Diving Into New Waters: Strengthening The Ocean Conservation Movement

Heather Ludemann leads the Foundation’s work on marine conservation and fisheries management in the United States. In this role, she led an update of the U.S. Marine Strategy, which will guide the Foundation’s ocean grantmaking and other related investments from 2018 – 2021. Following below, Heather highlights key aspects of the revised strategy, offering insights and additional detail about the Foundation’s decisions, goals and objectives.

Share your first connection to the ocean and an experience helping others connect to it.

Spending time on the ocean with family was a big part of my growing up. My dad was a sailor, so we spent a lot of time on Long Island Sound and the surrounding beaches. It seemed pre-ordained that we would learn to scuba dive together as a family many years later when I was in college. My first time scuba diving blew me away. I was amazed by how much life was right under the surface of the water. After college, I took a job on Catalina Island off the coast of California, teaching kids about the ocean. One of my favorite parts of the work was teaching kids how to snorkel. Many of my students grew up in southern California, yet had never been to the ocean, let alone seen what was living below the surface. Being a part of their exploration as they navigated a new and different environment was a real pleasure.

What is the Packard Foundation trying to accomplish through the updated U.S. Marine Strategy, and how is it different from the original 2014 U.S. Marine Strategy?

First, we are concerned by the potential for historic rollbacks to ocean conservation achievements. Four years ago, I would never have anticipated that today we would be faced with a proposal to expand offshore drilling in 90 percent of U.S. coastal waters. Policies that are informed by rigorous science and strong management are what has made our nation a global leader on ocean conservation. It would be reckless to undermine that science-based management at a time when the world’s private and public sector leaders recognize the need to take a long-term view and collectively boost our conservation impact.

Second, we are doubling down on work that will help prepare fisheries and fishing communities adapt to the consequences of climate change for West Coast marine ecosystems. Many fishing communities are already grappling with the impacts of climate change. Further innovations and advancements are necessary to thrive in a rapidly changing world.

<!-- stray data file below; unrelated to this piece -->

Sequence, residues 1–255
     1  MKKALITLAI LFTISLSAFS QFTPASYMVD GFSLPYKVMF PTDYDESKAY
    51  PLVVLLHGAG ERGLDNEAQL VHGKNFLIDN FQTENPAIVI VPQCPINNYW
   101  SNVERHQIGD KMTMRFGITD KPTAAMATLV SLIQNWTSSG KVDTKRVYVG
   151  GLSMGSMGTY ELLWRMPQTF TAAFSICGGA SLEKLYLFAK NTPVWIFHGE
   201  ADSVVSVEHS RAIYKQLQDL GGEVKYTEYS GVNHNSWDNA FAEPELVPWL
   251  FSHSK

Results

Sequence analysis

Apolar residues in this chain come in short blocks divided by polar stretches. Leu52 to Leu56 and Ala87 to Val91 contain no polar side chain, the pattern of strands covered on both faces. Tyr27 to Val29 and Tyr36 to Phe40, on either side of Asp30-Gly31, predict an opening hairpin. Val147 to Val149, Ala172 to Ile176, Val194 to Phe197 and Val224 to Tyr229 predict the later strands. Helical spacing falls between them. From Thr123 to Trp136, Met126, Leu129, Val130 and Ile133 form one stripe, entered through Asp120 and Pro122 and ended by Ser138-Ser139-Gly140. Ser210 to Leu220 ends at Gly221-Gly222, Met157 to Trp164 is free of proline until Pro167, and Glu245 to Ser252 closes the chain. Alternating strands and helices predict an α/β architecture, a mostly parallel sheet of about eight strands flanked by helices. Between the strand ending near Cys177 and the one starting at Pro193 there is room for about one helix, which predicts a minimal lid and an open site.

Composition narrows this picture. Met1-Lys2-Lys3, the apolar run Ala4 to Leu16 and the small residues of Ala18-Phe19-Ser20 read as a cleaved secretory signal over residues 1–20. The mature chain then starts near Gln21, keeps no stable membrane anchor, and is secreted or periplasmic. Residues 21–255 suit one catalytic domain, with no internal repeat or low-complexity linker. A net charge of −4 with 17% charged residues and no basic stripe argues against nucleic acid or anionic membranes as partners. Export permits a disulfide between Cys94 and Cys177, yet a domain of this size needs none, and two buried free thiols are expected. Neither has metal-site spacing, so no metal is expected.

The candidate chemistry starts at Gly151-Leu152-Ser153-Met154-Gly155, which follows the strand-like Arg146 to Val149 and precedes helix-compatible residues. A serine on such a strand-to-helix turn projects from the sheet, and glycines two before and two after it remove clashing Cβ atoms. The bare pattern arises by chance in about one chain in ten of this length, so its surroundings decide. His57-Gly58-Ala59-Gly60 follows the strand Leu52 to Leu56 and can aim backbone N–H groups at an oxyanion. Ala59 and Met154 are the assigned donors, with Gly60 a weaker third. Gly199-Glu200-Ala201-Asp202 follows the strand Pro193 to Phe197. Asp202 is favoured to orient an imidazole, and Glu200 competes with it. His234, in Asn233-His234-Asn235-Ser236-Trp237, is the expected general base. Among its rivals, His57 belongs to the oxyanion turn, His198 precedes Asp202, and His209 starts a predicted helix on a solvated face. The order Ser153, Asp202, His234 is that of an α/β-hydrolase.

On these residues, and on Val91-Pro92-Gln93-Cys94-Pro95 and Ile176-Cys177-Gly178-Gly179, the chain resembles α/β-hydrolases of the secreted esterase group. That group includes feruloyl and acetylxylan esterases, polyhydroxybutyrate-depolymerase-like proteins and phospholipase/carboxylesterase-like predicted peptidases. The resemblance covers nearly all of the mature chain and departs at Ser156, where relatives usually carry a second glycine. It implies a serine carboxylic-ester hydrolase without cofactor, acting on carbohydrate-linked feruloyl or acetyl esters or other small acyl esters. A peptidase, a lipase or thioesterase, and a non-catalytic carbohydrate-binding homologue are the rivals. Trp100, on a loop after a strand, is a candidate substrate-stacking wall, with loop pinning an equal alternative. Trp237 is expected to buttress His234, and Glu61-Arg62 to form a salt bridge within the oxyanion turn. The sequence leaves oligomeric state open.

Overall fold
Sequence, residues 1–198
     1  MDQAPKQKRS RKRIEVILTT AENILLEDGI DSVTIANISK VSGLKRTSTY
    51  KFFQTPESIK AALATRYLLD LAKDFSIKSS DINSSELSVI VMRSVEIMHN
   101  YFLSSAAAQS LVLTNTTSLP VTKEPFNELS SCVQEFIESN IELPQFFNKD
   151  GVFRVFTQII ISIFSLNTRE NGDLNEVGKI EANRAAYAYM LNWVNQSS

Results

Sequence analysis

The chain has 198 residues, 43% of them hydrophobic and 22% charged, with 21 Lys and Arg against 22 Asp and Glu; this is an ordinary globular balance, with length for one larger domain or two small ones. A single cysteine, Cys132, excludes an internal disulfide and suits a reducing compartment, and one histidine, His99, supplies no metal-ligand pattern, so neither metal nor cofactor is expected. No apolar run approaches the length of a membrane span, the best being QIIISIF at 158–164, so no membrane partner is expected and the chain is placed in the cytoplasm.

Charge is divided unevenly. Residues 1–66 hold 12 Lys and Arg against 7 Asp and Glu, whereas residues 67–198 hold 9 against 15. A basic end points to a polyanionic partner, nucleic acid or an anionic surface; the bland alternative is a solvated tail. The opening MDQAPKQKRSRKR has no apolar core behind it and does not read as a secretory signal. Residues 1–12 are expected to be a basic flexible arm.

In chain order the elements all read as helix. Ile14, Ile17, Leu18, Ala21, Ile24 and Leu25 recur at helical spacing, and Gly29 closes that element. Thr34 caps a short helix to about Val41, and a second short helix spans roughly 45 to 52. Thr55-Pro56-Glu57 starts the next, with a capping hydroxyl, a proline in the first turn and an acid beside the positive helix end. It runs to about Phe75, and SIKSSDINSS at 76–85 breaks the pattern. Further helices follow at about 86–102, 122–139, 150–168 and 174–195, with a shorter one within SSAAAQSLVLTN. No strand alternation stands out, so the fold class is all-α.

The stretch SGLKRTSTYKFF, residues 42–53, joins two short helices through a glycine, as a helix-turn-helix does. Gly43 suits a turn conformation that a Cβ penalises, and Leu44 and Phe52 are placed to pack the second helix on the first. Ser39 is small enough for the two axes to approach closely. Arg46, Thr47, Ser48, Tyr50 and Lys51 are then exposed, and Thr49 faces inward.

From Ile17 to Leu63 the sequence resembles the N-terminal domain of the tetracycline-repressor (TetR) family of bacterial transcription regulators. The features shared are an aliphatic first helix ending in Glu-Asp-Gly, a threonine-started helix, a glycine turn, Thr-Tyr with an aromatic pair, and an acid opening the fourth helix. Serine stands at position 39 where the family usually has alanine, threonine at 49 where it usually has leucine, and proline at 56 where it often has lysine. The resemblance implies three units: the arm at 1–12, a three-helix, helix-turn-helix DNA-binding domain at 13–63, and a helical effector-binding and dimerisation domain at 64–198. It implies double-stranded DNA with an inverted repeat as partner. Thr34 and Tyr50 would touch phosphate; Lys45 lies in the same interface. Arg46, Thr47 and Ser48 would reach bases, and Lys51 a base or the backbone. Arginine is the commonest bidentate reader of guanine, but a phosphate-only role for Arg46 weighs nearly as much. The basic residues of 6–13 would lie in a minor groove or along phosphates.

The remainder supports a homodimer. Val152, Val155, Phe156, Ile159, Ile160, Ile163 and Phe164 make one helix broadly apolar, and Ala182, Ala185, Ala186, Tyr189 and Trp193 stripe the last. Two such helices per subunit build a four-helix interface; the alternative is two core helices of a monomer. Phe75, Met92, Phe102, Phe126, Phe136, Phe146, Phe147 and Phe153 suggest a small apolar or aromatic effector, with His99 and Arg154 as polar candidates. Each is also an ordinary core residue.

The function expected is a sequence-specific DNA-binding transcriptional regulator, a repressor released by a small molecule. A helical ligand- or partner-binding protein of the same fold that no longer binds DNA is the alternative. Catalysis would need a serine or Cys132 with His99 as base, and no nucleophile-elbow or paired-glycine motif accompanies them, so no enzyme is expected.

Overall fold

Finally, we will support growing the U.S. ocean conservation movement. Opportunities are greater than ever to engage more people and to rally around common goals, be it preventing new offshore drilling or continuing to rebuild U.S. fisheries. Small businesses, city and state leaders, indigenous communities, scientists, fishermen, young people and communities of color are some of the many groups that we should be working with to safeguard the ocean. We are also clear that to be relevant, the ocean conservation movement must be more inclusive, working toward equitable solutions.

How does the U.S. Marine Strategy connect to the other strategies in the Foundation’s Conservation & Science program?

The U.S. Marine Strategy is part of the Packard Foundation’s 15-year Ocean Strategic Framework, which prioritizes sound marine management in six countries: Chile, China, Indonesia, Japan, Mexico and the United States. Given the extensive scientific capacity and strong governance in the U.S., we are uniquely positioned to test new ideas and approaches here that could be applied in other countries. Of course, this means taking into account the local context and working with regional organizations to adapt tools and approaches. In addition to serving as an incubator for innovative ideas, the U.S. also has tremendous buying power in global seafood markets because of the amount of seafood we import. This buying power can be leveraged to address illegal, unregulated and unreported fisheries, including putting an end to human rights abuses and slavery on fishing vessels that catch seafood imported into the U.S.

The work that our Climate program is doing to help mitigate carbon emissions is critical given what we know about their impacts on ocean ecosystems. Coastal communities already are impacted by rising sea levels. Ocean acidification and changing water temperatures threaten the livelihoods of fishing communities, marine species and food webs, as well as the efficacy of marine protected areas and fisheries management. Ultimately, we’d like to see management and policy better incorporate and proactively address climate impacts.

What gives us all hope that the ocean can be protected?

We have seen ocean ecosystems and fisheries recover – so we know it can be done. Monterey Bay, for example, was depleted, overfished and polluted. Now, it is a functioning, thriving marine environment that people visit and enjoy. That gives me hope. Now is not the time to turn back the clock on strong, science-based management and conservation. There are many other examples that demonstrate we can restore our ocean and fisheries. These success stories, and the passionate people who make them a reality, give me hope. People, both individually and in caring organizations such as our grantees and partners, make this work possible. More than ever, we appreciate their dedication and steadfastness during challenging times.